The mission to raid the Bin Laden compound has focused a lot of attention on the one dog apparently involved. The use of dogs in Afghanistan and Iraq is not so much news, thanks in part to Rebecca Frankel's posts in Tom Rick's column. Now the NYT has the warrior dogs featured on its website.
On the one hand, it is pretty cool that dogs and their noses bring heaps of talent to the fight, helping to deal with the various improvised explosive devices that riddle Afghanistan. The idea of dropping a dog with its Special Operator into the compound is just inherently interesting. And not just because following SealDog6 on twitter is nearly as amusing as following Drunken Predator. But that does not hurt either.
The problem, of course, is that the dogs can and do get hurt and killed. They may enjoy their training, but they have no free will in terms of choosing combat. Perhaps this is no different than the good old days of using horses as part of the cavalry, but attitudes about animals have changed over the decades. We mind that children are used as soldiers (a relatively new cottage industry has developed to study this phenomenon), and I am guessing that we will see a smaller but still passionate literature develop to address the dogs in combat.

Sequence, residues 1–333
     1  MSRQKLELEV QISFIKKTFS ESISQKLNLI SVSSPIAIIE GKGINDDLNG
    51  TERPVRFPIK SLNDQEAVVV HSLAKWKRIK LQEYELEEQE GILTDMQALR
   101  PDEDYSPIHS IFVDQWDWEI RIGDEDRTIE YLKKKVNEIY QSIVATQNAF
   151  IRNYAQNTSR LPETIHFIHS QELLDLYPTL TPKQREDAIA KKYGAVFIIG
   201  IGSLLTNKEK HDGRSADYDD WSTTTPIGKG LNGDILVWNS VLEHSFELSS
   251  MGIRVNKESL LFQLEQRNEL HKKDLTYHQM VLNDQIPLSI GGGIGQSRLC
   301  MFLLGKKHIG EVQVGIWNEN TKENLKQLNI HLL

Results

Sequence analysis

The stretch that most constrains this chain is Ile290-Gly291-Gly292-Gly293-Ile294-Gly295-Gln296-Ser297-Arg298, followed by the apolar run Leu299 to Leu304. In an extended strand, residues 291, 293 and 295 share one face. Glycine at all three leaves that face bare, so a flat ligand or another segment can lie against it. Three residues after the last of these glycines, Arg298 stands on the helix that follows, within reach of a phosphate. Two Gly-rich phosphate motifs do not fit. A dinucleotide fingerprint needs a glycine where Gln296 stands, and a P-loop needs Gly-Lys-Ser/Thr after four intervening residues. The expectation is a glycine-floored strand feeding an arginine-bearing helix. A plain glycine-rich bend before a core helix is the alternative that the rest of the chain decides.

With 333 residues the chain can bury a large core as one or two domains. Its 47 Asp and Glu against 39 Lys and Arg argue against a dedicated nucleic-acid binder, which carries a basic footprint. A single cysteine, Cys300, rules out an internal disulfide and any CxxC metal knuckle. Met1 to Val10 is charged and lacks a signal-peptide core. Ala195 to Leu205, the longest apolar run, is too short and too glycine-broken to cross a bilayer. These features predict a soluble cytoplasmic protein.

It is not that I am a card-carrying member of PETA. I like to eat dead cows, pigs, and chickens; I wear leather shoes; and I have gone to circuses and zoos and seaworlds with only the occasional twinge of guilt. I would love to swim with a dolphin (the Spew kid got to do that while I was busy conferencing in Hawaii a few years ago). So, I am not automatically opposed to using dogs as assets in war, but I am squeamish. Indeed, I am far more squeamish about using dogs in combat than about killing Bin Laden. The latter chose his occupation--as leader of non-state violent actor in war against the U.S. One of the risks of making that choice is a bullet in the head. But dogs do not elect to join the all-volunteer professional army of the present day. They are drafted.
I do not know what to think. Your thoughts?